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Insuring and murdering for money

27 June 2023 Myra Knoesen

South Africa, according to Garth De Klerk, Chief Executive Officer of the Insurance Crime Bureau, continues to move through increased economic hardship and infrastructure instability, in turn, the levels of poverty likewise are increasing. This challenge is now particularly prevalent, with the flat economy creating high levels of unemployment and creating economic desperation.

“South African households have become poorer with rising inflation actively eroding disposable income and our ability to save,” he said.

These increased pressures, according to De Klerk, have resulted in a significant uptick in a variety of crime types such as muggings, petty theft, house robbery, vehicle crimes, fraud, money laundering etc.“As The Insurance Crime Bureau, we encounter numerous types of crime, and see three main drivers being either opportunistic, poverty or professional syndicates,” he emphasised. 

De Klerk unpacks these drivers, with some examples of each. 

The drivers of crime

“A crime of opportunity is more spontaneous, committed without intense planning. The perpetrator sees that they have the chance to commit an act, and in that moment, they seize the opportunity. Examples would typically be lower value petty theft and fast track claims such as cell phones, keys, tyre claims etc. or even now more “topical claims” such as electrical surge claims, spoilt food etc.,” he said. 

Poverty/economic driven crimes, according to De Klerk, are typically more physical and normally involve a third-party victim. Examples of these could include muggings, house and business robberies. Again, they could be smaller values but high volumes.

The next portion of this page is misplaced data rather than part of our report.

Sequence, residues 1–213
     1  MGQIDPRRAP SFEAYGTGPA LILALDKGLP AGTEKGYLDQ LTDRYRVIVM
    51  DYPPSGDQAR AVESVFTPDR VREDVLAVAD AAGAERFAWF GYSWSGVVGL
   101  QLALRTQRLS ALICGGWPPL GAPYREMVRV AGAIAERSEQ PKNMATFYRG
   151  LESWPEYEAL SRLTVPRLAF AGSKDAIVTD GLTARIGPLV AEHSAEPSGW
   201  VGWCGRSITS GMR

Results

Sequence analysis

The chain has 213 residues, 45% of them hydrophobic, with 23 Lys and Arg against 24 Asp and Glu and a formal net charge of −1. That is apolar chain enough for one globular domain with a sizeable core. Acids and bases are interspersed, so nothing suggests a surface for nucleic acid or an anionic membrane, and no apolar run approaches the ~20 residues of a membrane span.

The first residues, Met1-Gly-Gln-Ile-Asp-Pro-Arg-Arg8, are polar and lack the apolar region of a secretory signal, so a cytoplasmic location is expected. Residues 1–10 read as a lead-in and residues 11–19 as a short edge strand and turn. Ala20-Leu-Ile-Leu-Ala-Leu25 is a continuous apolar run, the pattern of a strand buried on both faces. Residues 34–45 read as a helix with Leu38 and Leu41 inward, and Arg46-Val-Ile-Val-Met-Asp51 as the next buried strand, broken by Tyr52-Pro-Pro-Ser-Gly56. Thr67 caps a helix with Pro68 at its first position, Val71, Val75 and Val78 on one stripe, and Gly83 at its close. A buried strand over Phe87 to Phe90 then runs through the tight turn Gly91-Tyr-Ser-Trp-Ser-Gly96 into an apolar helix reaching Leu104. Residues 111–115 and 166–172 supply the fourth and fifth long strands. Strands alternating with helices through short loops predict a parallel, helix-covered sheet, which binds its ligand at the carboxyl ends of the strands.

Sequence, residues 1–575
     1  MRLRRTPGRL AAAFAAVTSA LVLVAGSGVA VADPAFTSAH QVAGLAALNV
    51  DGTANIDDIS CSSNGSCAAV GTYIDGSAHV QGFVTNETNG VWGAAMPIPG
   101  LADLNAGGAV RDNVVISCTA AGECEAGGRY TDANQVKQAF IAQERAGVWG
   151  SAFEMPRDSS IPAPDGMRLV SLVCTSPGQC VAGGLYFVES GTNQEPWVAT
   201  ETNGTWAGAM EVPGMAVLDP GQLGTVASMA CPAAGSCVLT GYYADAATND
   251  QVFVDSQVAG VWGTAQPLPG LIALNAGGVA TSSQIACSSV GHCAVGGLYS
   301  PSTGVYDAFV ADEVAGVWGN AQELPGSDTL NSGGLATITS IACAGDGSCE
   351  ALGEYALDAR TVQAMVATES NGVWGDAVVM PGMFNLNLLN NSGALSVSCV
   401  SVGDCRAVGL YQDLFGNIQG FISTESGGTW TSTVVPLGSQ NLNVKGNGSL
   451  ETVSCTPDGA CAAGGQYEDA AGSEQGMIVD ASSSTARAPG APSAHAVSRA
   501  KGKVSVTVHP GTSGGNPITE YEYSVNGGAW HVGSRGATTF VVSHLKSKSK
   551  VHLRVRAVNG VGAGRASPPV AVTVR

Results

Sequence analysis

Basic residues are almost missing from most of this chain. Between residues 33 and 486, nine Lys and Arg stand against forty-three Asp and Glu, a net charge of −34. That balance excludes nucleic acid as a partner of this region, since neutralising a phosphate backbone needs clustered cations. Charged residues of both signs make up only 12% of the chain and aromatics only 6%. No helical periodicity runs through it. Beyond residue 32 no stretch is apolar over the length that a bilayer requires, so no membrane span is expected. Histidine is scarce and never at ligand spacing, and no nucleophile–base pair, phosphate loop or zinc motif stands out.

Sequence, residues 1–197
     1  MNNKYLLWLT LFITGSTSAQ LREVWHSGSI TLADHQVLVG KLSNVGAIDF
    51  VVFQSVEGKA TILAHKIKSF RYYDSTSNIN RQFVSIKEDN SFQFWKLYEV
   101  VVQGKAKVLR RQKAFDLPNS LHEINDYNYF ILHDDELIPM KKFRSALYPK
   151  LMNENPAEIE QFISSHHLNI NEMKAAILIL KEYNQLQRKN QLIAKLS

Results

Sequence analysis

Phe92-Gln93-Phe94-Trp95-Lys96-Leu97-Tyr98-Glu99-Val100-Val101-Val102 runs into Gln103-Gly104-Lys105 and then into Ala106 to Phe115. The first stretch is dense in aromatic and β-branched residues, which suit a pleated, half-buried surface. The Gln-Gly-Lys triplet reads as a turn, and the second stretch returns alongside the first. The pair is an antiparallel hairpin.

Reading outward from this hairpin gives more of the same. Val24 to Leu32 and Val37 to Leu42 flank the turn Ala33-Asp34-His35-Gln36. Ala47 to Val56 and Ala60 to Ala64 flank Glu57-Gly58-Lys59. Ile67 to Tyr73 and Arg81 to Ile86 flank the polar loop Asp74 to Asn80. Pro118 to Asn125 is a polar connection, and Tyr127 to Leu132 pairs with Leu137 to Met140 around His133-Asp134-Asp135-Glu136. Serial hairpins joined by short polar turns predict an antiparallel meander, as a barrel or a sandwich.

Professional crime syndicates involve more organisation and planning by multiple individuals and can be quite sophisticated. Examples include kidnapping, murder for money, vehicles crimes such as hijackings and sophisticated vehicle thefts. These syndicates are also involved in identity theft and profile creation often resulting in money laundering and even terrorism funding schemes,” said De Klerk. 

The trends in terms of crime

“Extracts from the crime stats, for the period April to June 2022, reflect that carjacking was up by 14% showing 5866 incidents; residential robberies are at 5 270 and contact crimes at a whopping 142 915 incidents in the three months,” he added. 

“With specific reference to vehicle theft, we see professional gangs of car thieves targeting specific vehicles via CAN (the vehicle controller) attacks and relay attacks (where they target the remote entry systems of a vehicle). These crimes raise the bar of sophistication all the way to where in the future these crimes could be investigated and prosecuted as a cybercrime,” he continued. 

In the life insurance industry, De Klerk said, “we often see groups of people insuring and murdering people for money. In many cases, such as SGT Rosemary Ndlovu, the victims are family or loved ones.” 

Few more examples, found in the Insurance Crime Bureau’s 2022 annual report, also highlight murders committed for insurance pay-outs. 

Information received from one of the Insurance Crime Bureau’s members led to an investigation that uncovered similarities to the Rosemary Ndlovu case. Six murders can be linked to the claimant at this stage, with the possibility of more, dependent on information pending from non-members. It is alleged that the claimant obtained life and funeral policies on her spouse and family members. She then made use of hit men to commit the murders for insurance payouts. Claims were submitted on four of her spouses and two on her stepsons, all of which were shot, and nothing taken from them. One of the deceased was run over by a vehicle upon his release from hospital and was shot and killed within an hour. The suspect in these cases is a government employee. The case is still ongoing, and intelligence has been shared with SAPS, who are leading the investigation.